UCAT Results: Common Questions Answered

UCAT Results: Common Questions Answered

1 month ago by Chris

With UCAT fast approaching, you may be asking questions such as: When and how will I get my UCAT results? How does scoring work in the UCAT? How will universities use my UCAT scores?

This blog answers your questions about UCAT results.

 

When and how will I get my UCAT results?

You will receive an email from Pearson VUE within 24 hours (usually within an hour) of completing your UCAT test letting you know that your UCAT statement of results is available. The email will provide instructions on how to access your UCAT score report via your Pearson VUE account. 

 

Do I need to give my UCAT score to the universities?

No, your UCAT results will be automatically sent to the UCAT Consortium universities (but not to those outside the consortium) by UCAT – you do not have to do this yourself.  

 

How does scoring work in the UCAT?

The UCAT is marked on the number of correct answers you provide in UCAT. There is no negative marking for incorrect answers. An incomplete or unanswered UCAT question will be marked as incorrect. Your performance on one question does not influence which other questions are presented.

There are different forms of the UCAT test with UCAT subtest questions being presented randomly. This ensures that every candidate’s UCAT test experience is different. However, the forms are equated and balanced to ensure the scaled score that candidates receive are equivalent between UCAT test forms.

As the number of UCAT questions varies between the four cognitive subtests it is not possible to make a direct comparison of the raw marks between these subtests. Raw marks are therefore converted to scaled scores that share a common range from 300 to 900.

Your total UCAT scaled score is generated by summing the individual scaled scores of UCAT Verbal Reasoning, UCAT Decision Making, UCAT Quantitative Reasoning and UCAT Abstract Reasoning. The total scaled score for these cognitive UCAT subtests ranges from 1200 to 3600.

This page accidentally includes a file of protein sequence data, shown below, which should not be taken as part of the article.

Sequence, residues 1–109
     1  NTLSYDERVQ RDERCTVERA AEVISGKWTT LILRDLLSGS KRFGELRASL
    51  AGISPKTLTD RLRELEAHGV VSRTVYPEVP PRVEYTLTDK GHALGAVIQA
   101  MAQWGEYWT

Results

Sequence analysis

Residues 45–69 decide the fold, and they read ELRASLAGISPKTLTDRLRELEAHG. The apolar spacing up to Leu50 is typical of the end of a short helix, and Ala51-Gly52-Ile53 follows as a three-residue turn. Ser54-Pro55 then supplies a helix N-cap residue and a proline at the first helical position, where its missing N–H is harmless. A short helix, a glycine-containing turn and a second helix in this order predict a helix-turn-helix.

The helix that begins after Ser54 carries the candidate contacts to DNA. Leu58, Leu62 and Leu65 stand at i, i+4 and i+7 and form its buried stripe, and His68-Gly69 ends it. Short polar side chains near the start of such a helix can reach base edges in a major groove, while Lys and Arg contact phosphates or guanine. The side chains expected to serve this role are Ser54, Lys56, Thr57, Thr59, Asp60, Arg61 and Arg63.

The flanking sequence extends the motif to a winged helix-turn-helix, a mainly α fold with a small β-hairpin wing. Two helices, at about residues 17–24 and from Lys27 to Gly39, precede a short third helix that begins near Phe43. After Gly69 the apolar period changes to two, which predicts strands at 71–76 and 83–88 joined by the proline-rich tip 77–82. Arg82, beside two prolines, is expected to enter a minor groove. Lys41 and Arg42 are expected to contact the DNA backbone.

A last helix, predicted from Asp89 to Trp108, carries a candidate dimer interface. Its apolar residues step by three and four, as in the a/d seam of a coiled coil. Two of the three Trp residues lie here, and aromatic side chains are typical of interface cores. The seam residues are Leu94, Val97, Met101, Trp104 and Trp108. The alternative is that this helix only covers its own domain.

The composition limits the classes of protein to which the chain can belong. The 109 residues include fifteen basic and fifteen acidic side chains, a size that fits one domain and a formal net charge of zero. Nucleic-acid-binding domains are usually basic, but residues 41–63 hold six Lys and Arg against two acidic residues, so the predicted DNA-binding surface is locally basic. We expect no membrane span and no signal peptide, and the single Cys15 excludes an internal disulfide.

UCAT scoring is very complex, and is outlined in more detail in our blog

 

Cognitive Subtest

 

Questions

Scaled Score Range

Marking

UCAT Verbal Reasoning

44

300-900

Each question worth 1 mark

UCAT Decision Making

29

300-900

Questions with one correct answer = 1 mark;
Questions with multiple statements = maximum of 2 marks (1 mark is awarded to partially correct responses)

UCAT Quantitative Reasoning

36

300-900

Each question worth 1 mark

UCAT Abstract Reasoning

50

300-900

Each question worth 1 mark

UCAT Situational Judgement

69

300-900

Full marks awarded if your response matches the correct answer, partial marks awarded if your response is close to the correct answer

 

How will universities use my UCAT scores?

Most universities use a combination of three criteria when selecting students into medicine or dentistry. These include:

  1. UCAT scores (either cognitive subtests* only, or all UCAT subtests)

  2. Medical interview performance

  3. Secondary school performance (ATAR / IB) or GPA

*UCAT cognitive subtests include UCAT Verbal Reasoning, UCAT Decision Making, UCAT Quantitative Reasoning and UCAT Abstract Reasoning

Each university is different, and some universities change their medical entry requirements at short notice. Further, they are often not transparent about their admission criteria, such as cut off UCAT scores required for entry. You can find out more about how universities will use UCAT scores in our blog

UCAT 2022 results are valid for the 2022 university admissions cycle ONLY, that is, for entry to university in 2023.

 

What is a good UCAT score?

In general, for standard applicants to medical courses in Australia, students need to be in the top 10% of those sitting UCAT. Rural students, students who live in certain regions (for example for WSU), those from disadvantaged or low socio-economic schools, those applying for Bonded Medical Places and those applying to dentistry generally have lower UCAT score requirements for entry. For more details check out our blog: https://www.medentry.edu.au/blog/what-is-a-good-ucat-anz-score

 

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